CheerpJ—a new compiler technology—is about to change all that.
The best part is it doesn’t require a plugin or Java installation to work. For good measure, this means you don’t have to go through the trouble of downloading, installing, and configuring a Java environment and IDE.
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While tools like CheerpJ already exist – namely the Google Web Toolkit, which also allows you to put your Java content in a browser – Learning Technologies says CheerpJ is remarkably different from other platforms, like Google’s.
What sets CheerpJ apart is that other platforms don’t offer full support for Java constructions and deployment. They only contain a partial implementation and reference to the Java runtime library.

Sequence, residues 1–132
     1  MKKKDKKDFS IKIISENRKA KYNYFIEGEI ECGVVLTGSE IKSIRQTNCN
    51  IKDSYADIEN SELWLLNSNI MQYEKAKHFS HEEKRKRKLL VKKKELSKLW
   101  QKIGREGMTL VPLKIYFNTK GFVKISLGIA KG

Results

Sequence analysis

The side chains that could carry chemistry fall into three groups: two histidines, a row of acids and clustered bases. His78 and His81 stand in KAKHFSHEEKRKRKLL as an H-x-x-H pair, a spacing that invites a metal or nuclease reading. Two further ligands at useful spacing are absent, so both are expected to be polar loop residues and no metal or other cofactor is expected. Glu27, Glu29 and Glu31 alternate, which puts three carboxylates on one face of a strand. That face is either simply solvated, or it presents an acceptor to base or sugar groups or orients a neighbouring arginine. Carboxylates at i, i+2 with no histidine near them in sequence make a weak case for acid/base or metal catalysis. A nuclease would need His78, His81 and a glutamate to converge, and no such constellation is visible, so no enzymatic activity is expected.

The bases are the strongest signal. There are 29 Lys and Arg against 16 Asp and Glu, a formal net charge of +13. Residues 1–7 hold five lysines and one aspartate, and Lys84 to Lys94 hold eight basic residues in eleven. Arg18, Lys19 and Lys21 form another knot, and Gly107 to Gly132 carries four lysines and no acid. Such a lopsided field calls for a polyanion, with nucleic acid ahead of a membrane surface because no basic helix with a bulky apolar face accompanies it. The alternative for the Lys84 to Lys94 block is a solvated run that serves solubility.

So, developers will have a much easier time converting new and young applications to browsers, but existing apps with established code will be more difficult. Obviously, that’s not the case with this new compiler which means it opens up so many doors for the developers and founders of existing and long-standing Java applications.
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A limited release went live in July, but not everyone can get their hands on it just yet. A public release won’t be ready until later in November, which will be the official commercial version. If you’re not already a part of the limited access team, you’ll have to wait until after the public launch.
Still, it’s been a long time coming so a few months longer to wait is nothing, especially for Java developers that have been around since the early days.
It’s worth noting that an additional release will be available as a Chrome browser extension. The web applet will allow Java apps to be run without plugins or full environment installations.